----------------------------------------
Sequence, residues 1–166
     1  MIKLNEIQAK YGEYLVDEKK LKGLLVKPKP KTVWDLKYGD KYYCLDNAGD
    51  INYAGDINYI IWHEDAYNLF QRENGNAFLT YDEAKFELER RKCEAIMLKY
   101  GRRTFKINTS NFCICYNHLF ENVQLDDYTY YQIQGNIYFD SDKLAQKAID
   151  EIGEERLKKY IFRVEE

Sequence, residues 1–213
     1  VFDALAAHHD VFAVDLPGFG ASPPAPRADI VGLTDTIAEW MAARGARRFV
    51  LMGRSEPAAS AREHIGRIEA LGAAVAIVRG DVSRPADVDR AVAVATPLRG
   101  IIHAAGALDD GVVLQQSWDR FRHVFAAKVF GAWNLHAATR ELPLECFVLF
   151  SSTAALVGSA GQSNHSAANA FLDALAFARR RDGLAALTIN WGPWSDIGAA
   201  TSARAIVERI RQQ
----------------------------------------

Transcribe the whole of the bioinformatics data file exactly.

Sequence, residues 1–166
     1  MIKLNEIQAK YGEYLVDEKK LKGLLVKPKP KTVWDLKYGD KYYCLDNAGD
    51  INYAGDINYI IWHEDAYNLF QRENGNAFLT YDEAKFELER RKCEAIMLKY
   101  GRRTFKINTS NFCICYNHLF ENVQLDDYTY YQIQGNIYFD SDKLAQKAID
   151  EIGEERLKKY IFRVEE

Sequence, residues 1–213
     1  VFDALAAHHD VFAVDLPGFG ASPPAPRADI VGLTDTIAEW MAARGARRFV
    51  LMGRSEPAAS AREHIGRIEA LGAAVAIVRG DVSRPADVDR AVAVATPLRG
   101  IIHAAGALDD GVVLQQSWDR FRHVFAAKVF GAWNLHAATR ELPLECFVLF
   151  SSTAALVGSA GQSNHSAANA FLDALAFARR RDGLAALTIN WGPWSDIGAA
   201  TSARAIVERI RQQ